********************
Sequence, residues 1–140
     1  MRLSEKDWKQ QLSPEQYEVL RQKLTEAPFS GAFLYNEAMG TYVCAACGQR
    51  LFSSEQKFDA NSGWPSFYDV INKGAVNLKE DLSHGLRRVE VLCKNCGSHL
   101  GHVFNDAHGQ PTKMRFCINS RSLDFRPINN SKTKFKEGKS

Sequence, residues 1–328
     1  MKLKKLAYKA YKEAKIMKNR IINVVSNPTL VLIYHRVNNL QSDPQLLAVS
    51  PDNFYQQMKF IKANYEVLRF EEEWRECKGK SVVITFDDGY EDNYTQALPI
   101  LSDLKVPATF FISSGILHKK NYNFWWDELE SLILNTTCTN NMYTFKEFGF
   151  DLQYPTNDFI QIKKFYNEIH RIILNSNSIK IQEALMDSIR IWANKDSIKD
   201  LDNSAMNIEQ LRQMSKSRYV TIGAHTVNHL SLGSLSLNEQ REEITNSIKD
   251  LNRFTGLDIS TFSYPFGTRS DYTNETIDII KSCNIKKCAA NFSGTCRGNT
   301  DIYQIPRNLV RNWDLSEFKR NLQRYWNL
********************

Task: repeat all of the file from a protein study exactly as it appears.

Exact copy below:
Sequence, residues 1–140
     1  MRLSEKDWKQ QLSPEQYEVL RQKLTEAPFS GAFLYNEAMG TYVCAACGQR
    51  LFSSEQKFDA NSGWPSFYDV INKGAVNLKE DLSHGLRRVE VLCKNCGSHL
   101  GHVFNDAHGQ PTKMRFCINS RSLDFRPINN SKTKFKEGKS

Sequence, residues 1–328
     1  MKLKKLAYKA YKEAKIMKNR IINVVSNPTL VLIYHRVNNL QSDPQLLAVS
    51  PDNFYQQMKF IKANYEVLRF EEEWRECKGK SVVITFDDGY EDNYTQALPI
   101  LSDLKVPATF FISSGILHKK NYNFWWDELE SLILNTTCTN NMYTFKEFGF
   151  DLQYPTNDFI QIKKFYNEIH RIILNSNSIK IQEALMDSIR IWANKDSIKD
   201  LDNSAMNIEQ LRQMSKSRYV TIGAHTVNHL SLGSLSLNEQ REEITNSIKD
   251  LNRFTGLDIS TFSYPFGTRS DYTNETIDII KSCNIKKCAA NFSGTCRGNT
   301  DIYQIPRNLV RNWDLSEFKR NLQRYWNL